Needed: Improved International Institutions

If the institutions designed to maintain peace in Europe – and the world – are transformed or dissolved, what becomes of the peace? This question ended the previous blog post on Fifty Year Perspective.

A new book by Stephen D. King, Grave New World: The End of Globalization and the Return of History, examines the 20th Century institutions that enabled globalization, the benefits and failures of globalization, issues behind the West’s retreat from international institutions, and asks what international relations might be like without these institutions.

The international institutions created at the end of the Second World War and in the years following were ultimately institutions of the Cold War. Western economies and societies became ever more closely integrated, thanks in part to the machinations of the IMF, NATO and what eventually became the European Union. A world largely free of conflict … was also likely to be a world in which entrepreneurial capitalism was likely to flourish.

But, King notes, as the global pie predictably increased in size, “little attention was paid to its distribution.” Consequent inequality pushed voters away from centrist political positions toward populist parties. “National governments have been unable to marry global market outcomes with domestic social and political goals.”

Migration and technology have played large roles in resistance to globalization and international relations. King cites developments that promise to complicate both. He sees migration, in particular from Africa to Europe, as probable and massive. “Africa may be at the dawn of a demographic surge considerably larger than anything that happened in Europe in the nineteenth century.” Decreasing fertility and infant mortality, and improvements in sanitation and healthcare, will produce a mushrooming young adult population.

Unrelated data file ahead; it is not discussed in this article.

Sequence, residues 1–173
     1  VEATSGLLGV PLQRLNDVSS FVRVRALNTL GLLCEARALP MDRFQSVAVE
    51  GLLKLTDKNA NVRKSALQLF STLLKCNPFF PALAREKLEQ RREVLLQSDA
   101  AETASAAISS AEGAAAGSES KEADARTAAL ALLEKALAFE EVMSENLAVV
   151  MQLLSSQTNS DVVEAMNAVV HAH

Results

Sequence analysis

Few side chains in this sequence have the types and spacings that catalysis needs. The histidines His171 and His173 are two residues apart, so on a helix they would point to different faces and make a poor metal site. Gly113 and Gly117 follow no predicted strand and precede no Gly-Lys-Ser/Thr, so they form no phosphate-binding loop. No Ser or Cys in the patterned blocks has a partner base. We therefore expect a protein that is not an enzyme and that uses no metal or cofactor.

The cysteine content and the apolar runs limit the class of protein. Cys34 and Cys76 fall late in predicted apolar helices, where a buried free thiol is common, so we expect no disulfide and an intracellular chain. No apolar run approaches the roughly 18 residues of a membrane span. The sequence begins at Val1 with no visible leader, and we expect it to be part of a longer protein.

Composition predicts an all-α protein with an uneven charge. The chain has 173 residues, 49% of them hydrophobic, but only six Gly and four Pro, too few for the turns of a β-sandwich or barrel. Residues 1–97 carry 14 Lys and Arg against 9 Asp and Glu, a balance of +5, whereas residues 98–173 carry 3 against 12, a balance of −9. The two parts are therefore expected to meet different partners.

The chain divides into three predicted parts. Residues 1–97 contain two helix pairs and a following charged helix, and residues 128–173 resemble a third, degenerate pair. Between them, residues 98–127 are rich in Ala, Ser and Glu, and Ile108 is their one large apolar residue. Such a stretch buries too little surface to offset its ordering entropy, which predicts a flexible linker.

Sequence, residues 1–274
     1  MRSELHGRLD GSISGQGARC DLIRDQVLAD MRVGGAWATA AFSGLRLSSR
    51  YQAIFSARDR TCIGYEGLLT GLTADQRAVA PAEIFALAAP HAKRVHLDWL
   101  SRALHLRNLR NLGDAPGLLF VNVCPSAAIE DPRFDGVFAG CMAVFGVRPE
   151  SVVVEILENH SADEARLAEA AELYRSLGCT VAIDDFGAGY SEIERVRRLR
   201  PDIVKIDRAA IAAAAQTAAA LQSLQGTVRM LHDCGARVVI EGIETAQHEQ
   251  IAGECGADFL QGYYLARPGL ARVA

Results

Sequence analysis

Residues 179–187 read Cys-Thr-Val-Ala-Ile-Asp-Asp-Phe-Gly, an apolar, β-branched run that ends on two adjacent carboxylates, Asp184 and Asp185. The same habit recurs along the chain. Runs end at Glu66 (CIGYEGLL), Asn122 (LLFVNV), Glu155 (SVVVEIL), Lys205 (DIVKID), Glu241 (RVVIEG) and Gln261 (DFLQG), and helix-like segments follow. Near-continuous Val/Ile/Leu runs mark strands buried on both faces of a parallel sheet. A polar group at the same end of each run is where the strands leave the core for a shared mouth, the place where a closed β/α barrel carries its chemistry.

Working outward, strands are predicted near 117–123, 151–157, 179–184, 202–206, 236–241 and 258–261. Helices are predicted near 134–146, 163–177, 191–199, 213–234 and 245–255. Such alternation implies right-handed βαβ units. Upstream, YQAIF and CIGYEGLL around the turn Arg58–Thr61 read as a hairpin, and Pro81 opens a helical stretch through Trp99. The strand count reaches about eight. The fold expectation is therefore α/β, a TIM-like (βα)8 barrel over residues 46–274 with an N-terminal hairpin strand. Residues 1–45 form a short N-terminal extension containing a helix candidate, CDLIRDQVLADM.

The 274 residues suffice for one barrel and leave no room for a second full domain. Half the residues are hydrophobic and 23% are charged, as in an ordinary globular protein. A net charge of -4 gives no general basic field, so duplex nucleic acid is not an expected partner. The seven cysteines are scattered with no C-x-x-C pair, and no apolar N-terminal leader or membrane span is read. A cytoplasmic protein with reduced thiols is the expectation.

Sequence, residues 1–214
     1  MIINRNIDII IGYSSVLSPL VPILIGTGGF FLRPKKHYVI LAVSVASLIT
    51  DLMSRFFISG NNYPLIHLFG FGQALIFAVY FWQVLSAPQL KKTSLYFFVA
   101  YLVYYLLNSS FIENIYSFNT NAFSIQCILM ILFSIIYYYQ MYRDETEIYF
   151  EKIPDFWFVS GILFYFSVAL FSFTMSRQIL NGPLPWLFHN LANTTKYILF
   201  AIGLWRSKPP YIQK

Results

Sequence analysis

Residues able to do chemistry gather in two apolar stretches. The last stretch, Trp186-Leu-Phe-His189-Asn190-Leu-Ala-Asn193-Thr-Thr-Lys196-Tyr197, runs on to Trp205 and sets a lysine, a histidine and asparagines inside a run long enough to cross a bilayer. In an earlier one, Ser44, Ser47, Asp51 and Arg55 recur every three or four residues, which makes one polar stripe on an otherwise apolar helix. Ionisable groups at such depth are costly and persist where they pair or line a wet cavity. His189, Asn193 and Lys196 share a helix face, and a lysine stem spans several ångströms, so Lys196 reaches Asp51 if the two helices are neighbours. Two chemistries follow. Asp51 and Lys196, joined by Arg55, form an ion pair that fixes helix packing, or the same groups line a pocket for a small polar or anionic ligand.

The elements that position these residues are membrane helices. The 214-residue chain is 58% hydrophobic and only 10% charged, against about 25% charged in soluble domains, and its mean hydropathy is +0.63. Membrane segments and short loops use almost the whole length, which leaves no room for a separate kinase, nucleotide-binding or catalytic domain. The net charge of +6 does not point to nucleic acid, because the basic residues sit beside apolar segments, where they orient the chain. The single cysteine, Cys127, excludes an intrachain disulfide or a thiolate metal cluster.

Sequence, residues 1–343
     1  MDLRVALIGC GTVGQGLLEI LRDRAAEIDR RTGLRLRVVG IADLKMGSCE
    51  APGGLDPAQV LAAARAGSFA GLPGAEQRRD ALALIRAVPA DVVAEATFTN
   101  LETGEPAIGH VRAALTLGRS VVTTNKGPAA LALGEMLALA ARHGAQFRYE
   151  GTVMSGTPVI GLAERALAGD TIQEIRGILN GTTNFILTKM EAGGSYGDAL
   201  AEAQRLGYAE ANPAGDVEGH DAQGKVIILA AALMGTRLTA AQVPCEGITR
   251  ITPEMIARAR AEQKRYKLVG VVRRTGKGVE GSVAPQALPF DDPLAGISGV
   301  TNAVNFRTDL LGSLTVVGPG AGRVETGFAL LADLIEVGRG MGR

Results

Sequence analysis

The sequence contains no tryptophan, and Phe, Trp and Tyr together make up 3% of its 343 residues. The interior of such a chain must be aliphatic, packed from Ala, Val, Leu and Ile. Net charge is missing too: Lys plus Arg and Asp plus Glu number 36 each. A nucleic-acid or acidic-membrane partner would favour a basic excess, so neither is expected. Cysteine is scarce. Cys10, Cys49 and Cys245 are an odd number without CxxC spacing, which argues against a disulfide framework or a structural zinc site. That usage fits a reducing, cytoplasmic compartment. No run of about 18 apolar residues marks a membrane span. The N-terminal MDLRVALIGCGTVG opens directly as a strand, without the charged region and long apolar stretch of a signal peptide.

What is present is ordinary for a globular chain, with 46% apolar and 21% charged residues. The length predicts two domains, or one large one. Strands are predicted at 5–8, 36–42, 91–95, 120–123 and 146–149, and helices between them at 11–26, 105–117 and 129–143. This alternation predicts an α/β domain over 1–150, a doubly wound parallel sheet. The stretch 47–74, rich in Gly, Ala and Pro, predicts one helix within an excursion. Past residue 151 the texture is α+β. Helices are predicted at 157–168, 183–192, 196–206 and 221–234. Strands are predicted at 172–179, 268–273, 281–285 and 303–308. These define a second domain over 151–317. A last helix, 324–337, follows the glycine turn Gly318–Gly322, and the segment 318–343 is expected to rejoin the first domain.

Ultimately, the African migration story will be driven by population, modest gains in per capita incomes, improved transportation linkages with the rest of the world and, in some cases, the emergence of ethnic and religious violence: precisely the conditions, in fact, that led to the exodus from Southern and Eastern Europe in the late nineteenth century.

As technology replaces cheap foreign labor with machines, production will return to the countries where goods were originally produced. The need for global supply chains would be reduced to commodities and raw materials. “Those countries unable to invest in new technologies – including superfast broadband and advanced robots – might find many of their citizens still trapped in poverty.”

If this sounds like fuel for conflict, what does it say about international institutions? Without those institutions, King asks:

  • How would a weakened Europe without the EU be able to deal with Russia, especially if the U.S. isolates itself?
  • How could smaller nations resolve trade disputes with larger nations without the WTO?
  • How could NATO states protect their collective interests without a NATO alternative?

There are no answers to these questions without acceptance of moral obligations by nation states to create more equitable institutional arrangements, and some reduction in national sovereignty in exchange for less conflict.

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